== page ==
Toronto Blue Jays' Russell Martin

Toronto Blue Jays' Russell Martin

Blue Jays get burned by Buchholz, BoSox

Jose Bautista’s potent bat has been unusually silent lately. But Toronto manager John Gibbons doesn’t see any reason for concern. Bautista’s hitless streak reached six games on Monday as the Blue Jays fell 3-1 to the Boston Red Sox at Rogers Centre.

TORONTO — Jose Bautista’s potent bat has been unusually silent lately. But Toronto manager John Gibbons doesn’t see any reason for concern.

Bautista’s hitless streak reached six games on Monday as the Blue Jays fell 3-1 to the Boston Red Sox at Rogers Centre.

“He’s squaring some balls up, he was on a nice little roll but that’s what hitting is,” Gibbons said. “You go through peaks and valleys.

“Good pitching can shut down good hitting, not all the time but a lot of the time.”

Bautista, currently mired in an 0-for-20 slump and batting .238 for the season, hasn’t gone this long without a hit since June 2010.

As a whole, the Blue Jays have scored one or fewer runs in three of their past five outings despite averaging 5.5 runs per-game heading into Monday.

Right-hander Clay Buchholz (6-6) didn’t make it easy on the Toronto lineup, allowing only five hits and one earned run with five strikeouts through eight innings of work. He tossed 96 pitches — 68 for strikes — to outduel R.A Dickey for the victory.

“I like pitching here. I like the mound here,” said Buchholz, who has 10 career wins against Toronto. “I feel good pitching here and have my whole career.”

Added Gibbons: “Buchholz was on tonight. We’ve seen him like that before. He’s tough.”

Xander Bogaerts had a two-run double for the Red Sox (35-43) and Mookie Betts cashed in on a single from Brock Holt.

Dickey (3-8) went six innings for Toronto, allowing six hits with three walks, three strikeouts and three earned runs.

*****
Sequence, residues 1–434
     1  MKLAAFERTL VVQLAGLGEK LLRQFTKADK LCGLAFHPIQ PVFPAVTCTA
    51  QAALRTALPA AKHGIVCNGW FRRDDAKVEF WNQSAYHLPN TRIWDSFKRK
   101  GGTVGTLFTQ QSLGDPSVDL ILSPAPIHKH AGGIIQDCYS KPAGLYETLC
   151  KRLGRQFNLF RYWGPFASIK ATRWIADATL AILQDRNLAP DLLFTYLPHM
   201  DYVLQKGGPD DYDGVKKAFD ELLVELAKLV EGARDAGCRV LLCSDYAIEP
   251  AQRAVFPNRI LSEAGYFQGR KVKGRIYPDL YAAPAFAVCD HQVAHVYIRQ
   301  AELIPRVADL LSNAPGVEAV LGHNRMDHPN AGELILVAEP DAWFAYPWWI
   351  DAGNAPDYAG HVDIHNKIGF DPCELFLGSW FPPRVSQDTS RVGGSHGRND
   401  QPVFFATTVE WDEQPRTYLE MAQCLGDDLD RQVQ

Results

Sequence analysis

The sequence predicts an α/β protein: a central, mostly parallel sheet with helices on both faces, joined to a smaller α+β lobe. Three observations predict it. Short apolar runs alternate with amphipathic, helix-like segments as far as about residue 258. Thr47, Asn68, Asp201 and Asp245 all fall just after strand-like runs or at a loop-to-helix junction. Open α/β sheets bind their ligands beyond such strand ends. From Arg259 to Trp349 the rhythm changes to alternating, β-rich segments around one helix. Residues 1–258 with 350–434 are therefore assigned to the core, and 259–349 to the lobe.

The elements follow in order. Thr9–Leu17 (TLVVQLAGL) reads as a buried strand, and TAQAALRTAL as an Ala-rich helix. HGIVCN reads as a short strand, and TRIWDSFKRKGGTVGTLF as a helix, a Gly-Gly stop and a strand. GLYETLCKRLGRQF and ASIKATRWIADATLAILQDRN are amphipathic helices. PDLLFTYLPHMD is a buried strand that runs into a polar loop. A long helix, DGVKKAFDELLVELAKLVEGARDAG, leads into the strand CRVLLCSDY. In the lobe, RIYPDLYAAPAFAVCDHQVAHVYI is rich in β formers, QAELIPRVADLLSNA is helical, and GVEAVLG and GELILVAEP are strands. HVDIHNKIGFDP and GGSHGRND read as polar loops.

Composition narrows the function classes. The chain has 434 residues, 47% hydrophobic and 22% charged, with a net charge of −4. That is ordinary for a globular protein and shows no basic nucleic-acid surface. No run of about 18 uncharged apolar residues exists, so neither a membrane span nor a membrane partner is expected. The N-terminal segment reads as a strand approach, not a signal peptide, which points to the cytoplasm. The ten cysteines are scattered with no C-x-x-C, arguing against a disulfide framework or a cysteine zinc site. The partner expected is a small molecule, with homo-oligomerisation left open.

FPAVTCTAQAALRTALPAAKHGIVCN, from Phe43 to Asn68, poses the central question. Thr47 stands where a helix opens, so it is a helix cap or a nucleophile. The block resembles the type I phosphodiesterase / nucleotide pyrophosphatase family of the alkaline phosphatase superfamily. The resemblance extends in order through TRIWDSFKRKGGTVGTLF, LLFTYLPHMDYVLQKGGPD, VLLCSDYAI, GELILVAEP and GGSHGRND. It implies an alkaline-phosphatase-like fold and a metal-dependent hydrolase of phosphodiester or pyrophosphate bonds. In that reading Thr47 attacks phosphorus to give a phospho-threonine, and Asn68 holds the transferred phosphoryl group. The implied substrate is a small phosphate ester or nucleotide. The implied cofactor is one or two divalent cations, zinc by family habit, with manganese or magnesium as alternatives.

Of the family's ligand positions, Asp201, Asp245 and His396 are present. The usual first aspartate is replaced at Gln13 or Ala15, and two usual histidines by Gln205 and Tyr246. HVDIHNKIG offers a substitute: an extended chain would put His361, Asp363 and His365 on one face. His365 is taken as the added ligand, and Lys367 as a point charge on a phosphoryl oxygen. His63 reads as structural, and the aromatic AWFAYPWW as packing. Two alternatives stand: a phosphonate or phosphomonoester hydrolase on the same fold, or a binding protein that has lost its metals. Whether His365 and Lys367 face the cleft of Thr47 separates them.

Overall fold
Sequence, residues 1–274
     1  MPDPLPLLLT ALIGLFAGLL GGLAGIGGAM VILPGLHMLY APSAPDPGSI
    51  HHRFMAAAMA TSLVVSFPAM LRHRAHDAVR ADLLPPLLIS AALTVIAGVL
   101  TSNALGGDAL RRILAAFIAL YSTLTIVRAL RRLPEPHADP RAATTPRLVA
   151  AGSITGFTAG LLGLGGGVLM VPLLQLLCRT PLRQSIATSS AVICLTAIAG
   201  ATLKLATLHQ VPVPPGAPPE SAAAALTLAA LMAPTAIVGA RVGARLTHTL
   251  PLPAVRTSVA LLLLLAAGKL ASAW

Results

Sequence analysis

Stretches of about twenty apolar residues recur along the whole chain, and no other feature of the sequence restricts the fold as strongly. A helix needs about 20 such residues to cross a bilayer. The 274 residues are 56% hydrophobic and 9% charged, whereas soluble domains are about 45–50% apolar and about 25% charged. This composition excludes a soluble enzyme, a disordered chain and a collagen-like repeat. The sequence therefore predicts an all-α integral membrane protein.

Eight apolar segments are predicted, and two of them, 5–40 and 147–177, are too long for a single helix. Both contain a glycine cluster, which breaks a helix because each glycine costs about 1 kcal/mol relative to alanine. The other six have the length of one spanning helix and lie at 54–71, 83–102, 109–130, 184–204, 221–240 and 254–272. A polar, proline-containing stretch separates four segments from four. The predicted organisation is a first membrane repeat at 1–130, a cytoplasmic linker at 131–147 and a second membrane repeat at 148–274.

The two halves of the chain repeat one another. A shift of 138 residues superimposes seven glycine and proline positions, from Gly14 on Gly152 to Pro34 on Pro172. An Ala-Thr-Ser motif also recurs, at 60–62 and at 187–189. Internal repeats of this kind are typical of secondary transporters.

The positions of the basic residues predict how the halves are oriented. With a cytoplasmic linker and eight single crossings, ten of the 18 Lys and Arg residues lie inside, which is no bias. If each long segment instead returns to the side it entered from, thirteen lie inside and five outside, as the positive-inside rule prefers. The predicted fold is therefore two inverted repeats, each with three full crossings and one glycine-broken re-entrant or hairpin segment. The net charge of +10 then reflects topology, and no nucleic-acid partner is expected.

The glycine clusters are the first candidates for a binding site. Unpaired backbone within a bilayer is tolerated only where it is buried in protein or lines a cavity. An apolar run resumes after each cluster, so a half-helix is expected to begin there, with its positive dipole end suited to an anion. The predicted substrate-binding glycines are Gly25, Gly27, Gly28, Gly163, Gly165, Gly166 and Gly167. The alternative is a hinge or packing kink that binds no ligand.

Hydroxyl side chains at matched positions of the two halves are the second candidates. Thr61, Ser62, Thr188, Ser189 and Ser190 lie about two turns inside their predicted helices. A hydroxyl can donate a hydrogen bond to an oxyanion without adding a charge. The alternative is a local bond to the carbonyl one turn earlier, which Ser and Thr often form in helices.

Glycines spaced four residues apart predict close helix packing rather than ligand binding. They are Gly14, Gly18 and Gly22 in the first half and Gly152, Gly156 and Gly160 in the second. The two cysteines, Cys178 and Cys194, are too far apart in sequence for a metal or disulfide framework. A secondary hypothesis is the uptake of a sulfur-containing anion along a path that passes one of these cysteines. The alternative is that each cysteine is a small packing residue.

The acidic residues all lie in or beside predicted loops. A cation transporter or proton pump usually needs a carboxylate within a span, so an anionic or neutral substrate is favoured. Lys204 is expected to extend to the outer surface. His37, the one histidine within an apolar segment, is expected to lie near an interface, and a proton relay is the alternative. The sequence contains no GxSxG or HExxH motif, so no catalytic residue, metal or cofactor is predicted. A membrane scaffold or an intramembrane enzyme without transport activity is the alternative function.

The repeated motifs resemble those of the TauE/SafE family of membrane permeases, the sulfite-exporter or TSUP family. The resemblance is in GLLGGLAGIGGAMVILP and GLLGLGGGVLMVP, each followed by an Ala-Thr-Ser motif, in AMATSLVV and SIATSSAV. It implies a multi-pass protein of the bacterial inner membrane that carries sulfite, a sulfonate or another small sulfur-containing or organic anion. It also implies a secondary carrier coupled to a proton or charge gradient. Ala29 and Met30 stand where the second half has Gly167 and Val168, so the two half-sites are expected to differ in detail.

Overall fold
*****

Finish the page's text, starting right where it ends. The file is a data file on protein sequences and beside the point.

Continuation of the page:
The knuckleballer opened the third inning with a walk to Jackie Bradley Jr. Betts followed with a single and Dickey issued another walk to Holt to load the bases with nobody out.

Bogaerts then took the first pitch he saw over the head of Bautista in right field for a two-run double and the game’s first runs.

Dickey got the next three batters to pop up, stranding runners on second and third.

Despite the loss, Dickey pitched his fourth straight quality start.

“I’m kind of in a stretch where I’m pitching just good enough to lose,” said Dickey. “I feel I’m capable of more. b& The two pitches I got hurt on today were poorly executed fastballs.”

Betts also got to Dickey, starting off the fifth with a triple. Holt sent him home on a bloop single to make it 3-0 Red Sox.

Toronto (41-37) finally got to Buchholz in the bottom of the sixth inning for its first run of the game.

After starting off the inning with a single, Devon Travis moved to second on a fielders choice and then came home on a double from Josh Donaldson.

Toronto nearly scored the game’s first run when Kevin Pillar hit a double to left field in the bottom of the second. Russell Martin thought about going from first to home on the play but pulled up after passing third and was eventually tagged out by Pablo Sandoval to end the inning.

“He was trying to stop (at third),” said Gibbons. “Left field’s Satan’s corner when you’re trying to score a guy from first base. He lost his balance.”

Liam Hendriks came on in relief for the Blue Jays to start the seventh and retired five in a row before Brett Cecil finished the game.

Boston’s Koji Uehara worked a 1-2-3 ninth inning for his 17th save of the season.

The loss drops the Blue Jays to 6-4 this season against their division rival Red Sox, despite Boston sitting last in the A.L. East. Just one game separates four teams in the division for top spot, with Baltimore holding down first place over Tampa Bay because of percentage points.

Toronto plays Boston three more times in the series.

“It’s in your division, you play them so many damn times so you have to beat them,” said Gibbons. “Our division is some kind of bunched up right now.”

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